In September 2010, the CJEU handed down its decision in the case of Akzo Nobel Chemicals Limited and Akcros Chemicals Limited v Commission of the European Communities, holding that, under EU competition law, communications with in-house lawyers within a company or group were not covered by the Legal Professional Privilege, essentially because such lawyers did not have the requisite degree of "independence".
In Akzo Nobel, during an investigation by the Commission into alleged anti-competitive practices, the undertakings subject to the investigation asserted Legal Privilege over certain documents including emails exchanged between non-legal employees and an in-house lawyer. Their claims were rejected by the Commission and the dispute went to the CFI (now the General Court). The CFI dismissed Akzo's arguments, finding that none of the documents were covered by the privilege. On appeal, the ECJ (now the CJEU) affirmed the decision of the CFI.
According to the ECJ, in order for a communication between a lawyer and client to be protected by this privilege, the communication must be made for the purposes, and in the interests, of the client's rights of defence, and the lawyer must be “independent” that is, not bound to the client by a relationship of employment.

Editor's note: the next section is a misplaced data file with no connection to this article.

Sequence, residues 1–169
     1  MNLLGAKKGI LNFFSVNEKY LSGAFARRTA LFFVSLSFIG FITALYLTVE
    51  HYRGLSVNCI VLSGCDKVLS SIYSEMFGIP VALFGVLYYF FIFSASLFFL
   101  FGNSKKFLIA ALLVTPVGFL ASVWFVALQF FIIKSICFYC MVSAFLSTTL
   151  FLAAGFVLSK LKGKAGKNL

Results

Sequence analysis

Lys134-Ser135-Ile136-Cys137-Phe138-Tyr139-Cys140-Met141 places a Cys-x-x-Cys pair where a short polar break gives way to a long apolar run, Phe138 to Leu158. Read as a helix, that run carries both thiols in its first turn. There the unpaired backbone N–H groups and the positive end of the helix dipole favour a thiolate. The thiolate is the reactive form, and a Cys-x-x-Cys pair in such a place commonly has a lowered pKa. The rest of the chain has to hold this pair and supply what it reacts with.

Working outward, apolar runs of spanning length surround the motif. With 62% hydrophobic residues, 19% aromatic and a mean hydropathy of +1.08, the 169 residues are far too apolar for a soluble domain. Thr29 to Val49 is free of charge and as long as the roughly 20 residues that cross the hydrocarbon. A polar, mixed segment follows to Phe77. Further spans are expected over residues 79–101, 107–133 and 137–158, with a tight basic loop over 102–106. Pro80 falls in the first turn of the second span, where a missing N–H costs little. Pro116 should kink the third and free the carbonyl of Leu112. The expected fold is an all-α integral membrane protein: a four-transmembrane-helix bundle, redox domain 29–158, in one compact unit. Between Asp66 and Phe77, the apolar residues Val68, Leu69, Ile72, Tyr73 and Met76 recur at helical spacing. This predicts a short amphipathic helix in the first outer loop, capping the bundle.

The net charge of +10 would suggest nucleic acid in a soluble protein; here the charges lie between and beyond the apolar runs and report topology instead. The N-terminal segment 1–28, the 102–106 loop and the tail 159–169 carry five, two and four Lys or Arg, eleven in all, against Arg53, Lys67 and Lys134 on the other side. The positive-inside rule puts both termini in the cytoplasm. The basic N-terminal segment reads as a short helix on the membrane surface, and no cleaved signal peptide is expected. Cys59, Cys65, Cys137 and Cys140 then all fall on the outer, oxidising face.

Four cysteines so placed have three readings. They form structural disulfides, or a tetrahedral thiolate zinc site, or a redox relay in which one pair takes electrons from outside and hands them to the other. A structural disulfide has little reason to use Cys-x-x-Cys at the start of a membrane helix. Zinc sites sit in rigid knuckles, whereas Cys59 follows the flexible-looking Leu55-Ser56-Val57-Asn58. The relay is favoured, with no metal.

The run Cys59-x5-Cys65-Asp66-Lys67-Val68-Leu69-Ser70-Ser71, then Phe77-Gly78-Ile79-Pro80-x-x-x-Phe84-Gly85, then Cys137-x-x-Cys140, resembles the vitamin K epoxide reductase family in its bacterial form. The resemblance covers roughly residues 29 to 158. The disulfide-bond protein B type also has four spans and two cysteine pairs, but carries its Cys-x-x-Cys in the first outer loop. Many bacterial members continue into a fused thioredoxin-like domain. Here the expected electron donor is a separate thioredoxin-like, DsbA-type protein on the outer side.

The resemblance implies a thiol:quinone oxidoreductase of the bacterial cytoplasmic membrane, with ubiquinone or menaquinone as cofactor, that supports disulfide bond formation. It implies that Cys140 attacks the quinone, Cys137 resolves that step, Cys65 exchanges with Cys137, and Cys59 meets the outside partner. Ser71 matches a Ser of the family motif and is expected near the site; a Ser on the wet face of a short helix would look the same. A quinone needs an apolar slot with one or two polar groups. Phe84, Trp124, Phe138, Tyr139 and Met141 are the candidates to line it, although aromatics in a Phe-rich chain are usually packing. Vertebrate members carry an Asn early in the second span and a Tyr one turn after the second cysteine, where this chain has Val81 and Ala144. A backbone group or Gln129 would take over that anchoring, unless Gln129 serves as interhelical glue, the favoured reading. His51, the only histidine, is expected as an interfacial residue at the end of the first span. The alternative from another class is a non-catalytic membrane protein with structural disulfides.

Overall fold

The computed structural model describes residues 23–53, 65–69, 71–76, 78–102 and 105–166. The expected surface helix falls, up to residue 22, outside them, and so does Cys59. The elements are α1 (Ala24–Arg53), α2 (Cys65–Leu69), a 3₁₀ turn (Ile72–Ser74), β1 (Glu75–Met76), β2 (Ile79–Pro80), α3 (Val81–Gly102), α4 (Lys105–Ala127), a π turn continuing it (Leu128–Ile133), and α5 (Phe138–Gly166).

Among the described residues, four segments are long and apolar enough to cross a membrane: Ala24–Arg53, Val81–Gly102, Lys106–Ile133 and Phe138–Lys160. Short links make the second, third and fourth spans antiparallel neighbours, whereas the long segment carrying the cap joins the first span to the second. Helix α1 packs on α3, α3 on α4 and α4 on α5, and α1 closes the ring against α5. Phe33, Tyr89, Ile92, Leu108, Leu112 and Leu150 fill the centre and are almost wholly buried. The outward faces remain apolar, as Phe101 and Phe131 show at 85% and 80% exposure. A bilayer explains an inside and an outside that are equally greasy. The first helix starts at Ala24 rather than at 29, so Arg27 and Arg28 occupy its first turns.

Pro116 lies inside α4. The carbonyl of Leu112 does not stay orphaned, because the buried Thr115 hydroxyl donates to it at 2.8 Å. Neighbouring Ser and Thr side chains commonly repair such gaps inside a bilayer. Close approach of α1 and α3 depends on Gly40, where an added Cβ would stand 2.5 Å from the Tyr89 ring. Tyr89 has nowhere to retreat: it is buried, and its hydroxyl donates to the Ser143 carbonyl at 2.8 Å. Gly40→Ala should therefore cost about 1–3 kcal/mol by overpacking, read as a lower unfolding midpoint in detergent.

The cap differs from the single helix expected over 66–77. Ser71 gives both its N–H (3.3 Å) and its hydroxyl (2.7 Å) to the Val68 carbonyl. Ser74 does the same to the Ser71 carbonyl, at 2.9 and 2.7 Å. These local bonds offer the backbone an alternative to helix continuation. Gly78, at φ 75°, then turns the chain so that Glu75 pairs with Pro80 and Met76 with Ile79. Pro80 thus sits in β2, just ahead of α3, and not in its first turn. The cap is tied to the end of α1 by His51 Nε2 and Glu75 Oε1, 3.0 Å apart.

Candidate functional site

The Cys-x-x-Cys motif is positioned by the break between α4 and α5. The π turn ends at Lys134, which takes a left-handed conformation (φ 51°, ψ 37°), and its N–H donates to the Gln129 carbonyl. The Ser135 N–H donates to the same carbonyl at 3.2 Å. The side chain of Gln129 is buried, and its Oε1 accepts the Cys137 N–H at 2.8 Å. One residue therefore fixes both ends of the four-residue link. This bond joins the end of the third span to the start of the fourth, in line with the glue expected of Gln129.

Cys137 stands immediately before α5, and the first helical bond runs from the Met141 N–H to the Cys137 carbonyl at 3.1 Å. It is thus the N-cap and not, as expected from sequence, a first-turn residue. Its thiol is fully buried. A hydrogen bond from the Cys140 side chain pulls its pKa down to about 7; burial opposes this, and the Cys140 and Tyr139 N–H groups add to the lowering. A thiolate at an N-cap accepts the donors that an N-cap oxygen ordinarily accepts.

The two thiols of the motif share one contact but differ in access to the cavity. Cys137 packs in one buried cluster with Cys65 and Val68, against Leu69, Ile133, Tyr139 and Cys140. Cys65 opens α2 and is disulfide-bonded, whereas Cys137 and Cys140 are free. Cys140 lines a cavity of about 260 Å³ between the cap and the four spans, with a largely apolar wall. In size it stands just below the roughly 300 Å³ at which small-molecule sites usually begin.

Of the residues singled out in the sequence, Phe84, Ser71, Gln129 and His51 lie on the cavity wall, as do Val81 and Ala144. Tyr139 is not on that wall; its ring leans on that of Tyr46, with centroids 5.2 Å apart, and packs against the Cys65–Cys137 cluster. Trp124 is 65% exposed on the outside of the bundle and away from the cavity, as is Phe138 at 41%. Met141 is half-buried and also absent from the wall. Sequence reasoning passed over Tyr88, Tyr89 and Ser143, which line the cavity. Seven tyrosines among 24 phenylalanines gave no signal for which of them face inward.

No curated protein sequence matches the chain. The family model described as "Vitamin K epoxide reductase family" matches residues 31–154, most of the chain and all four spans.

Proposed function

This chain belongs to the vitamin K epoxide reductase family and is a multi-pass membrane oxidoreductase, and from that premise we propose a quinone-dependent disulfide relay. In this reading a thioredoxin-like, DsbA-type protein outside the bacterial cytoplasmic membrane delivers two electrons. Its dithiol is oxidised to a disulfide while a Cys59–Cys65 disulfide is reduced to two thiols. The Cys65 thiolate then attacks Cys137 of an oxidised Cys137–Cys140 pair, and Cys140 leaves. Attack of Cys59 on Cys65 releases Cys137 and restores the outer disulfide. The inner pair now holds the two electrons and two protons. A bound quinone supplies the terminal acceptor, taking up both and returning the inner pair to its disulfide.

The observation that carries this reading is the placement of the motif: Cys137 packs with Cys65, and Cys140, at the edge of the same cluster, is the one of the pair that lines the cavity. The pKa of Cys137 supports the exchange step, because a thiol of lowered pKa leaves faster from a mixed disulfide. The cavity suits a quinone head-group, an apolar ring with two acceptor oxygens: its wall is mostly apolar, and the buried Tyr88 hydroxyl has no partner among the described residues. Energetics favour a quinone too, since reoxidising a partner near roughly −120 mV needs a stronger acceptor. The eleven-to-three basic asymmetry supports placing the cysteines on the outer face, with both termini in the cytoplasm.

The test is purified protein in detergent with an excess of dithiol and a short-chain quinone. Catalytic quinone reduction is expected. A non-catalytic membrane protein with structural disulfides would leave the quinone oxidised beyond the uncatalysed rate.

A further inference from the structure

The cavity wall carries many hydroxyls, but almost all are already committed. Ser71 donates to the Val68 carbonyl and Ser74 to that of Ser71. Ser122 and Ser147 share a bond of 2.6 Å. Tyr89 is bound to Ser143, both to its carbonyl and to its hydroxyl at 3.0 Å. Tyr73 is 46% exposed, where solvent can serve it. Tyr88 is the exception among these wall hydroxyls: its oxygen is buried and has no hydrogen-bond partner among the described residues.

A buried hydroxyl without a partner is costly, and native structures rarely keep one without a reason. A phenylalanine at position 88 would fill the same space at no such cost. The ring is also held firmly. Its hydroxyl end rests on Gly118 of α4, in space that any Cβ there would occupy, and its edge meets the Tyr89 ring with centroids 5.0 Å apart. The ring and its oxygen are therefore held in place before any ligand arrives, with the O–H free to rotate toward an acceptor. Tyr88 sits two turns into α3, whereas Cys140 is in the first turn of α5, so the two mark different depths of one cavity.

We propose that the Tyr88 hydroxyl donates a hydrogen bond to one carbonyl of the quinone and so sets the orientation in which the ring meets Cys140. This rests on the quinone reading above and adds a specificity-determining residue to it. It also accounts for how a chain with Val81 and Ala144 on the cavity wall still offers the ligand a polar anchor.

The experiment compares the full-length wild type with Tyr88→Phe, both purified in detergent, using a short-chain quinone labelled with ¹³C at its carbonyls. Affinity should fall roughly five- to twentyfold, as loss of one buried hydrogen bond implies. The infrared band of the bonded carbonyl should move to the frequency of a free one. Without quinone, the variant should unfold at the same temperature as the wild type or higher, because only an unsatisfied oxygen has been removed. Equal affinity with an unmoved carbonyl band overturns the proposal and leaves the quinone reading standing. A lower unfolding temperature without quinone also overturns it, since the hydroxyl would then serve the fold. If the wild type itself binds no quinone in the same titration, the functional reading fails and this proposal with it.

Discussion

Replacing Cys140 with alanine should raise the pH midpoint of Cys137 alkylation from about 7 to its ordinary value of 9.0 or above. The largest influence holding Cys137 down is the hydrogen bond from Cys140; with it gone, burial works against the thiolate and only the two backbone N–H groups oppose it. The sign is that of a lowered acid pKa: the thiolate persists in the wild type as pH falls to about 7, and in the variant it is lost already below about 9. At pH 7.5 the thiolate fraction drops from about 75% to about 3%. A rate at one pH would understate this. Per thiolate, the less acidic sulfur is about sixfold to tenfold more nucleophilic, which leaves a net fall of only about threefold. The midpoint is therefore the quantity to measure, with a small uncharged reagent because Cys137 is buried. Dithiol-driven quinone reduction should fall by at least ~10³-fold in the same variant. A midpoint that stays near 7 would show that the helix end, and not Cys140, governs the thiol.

Contrary to the position taken by the CJEU, on 5 March 2013, the Brussels Court of Appeal recognized that, under Belgian law, legal advice rendered by in-house lawyers and related correspondence is in fact confidential. The Court based its reasoning on Article 5 of the law of March 1, 2000, creating the Institut des Juristes d’entreprise/Instituut voor Bedrijfsjuristen which provides that “opinions given by in-house counsel, for the benefit of his employer and in the context of his activity as in-house counsel, are confidential." The Court read this provision in conjunction with Article 8 of the European Convention for Human Rights which ensures the right to privacy and concluded that the Belgian Competition Authority could not seize documents containing legal advice rendered by in-house counsel.
This judgment could have important implications at national level and also, potentially, at an EU level, in so far as: (i) it expressly rejects the applicability of the "Akzo" ruling to national antitrust proceedings; and (ii) it roots the confidentiality of in-house counsel's legal advice in the right to privacy protected by Article 8 of the European Convention of Human Rights.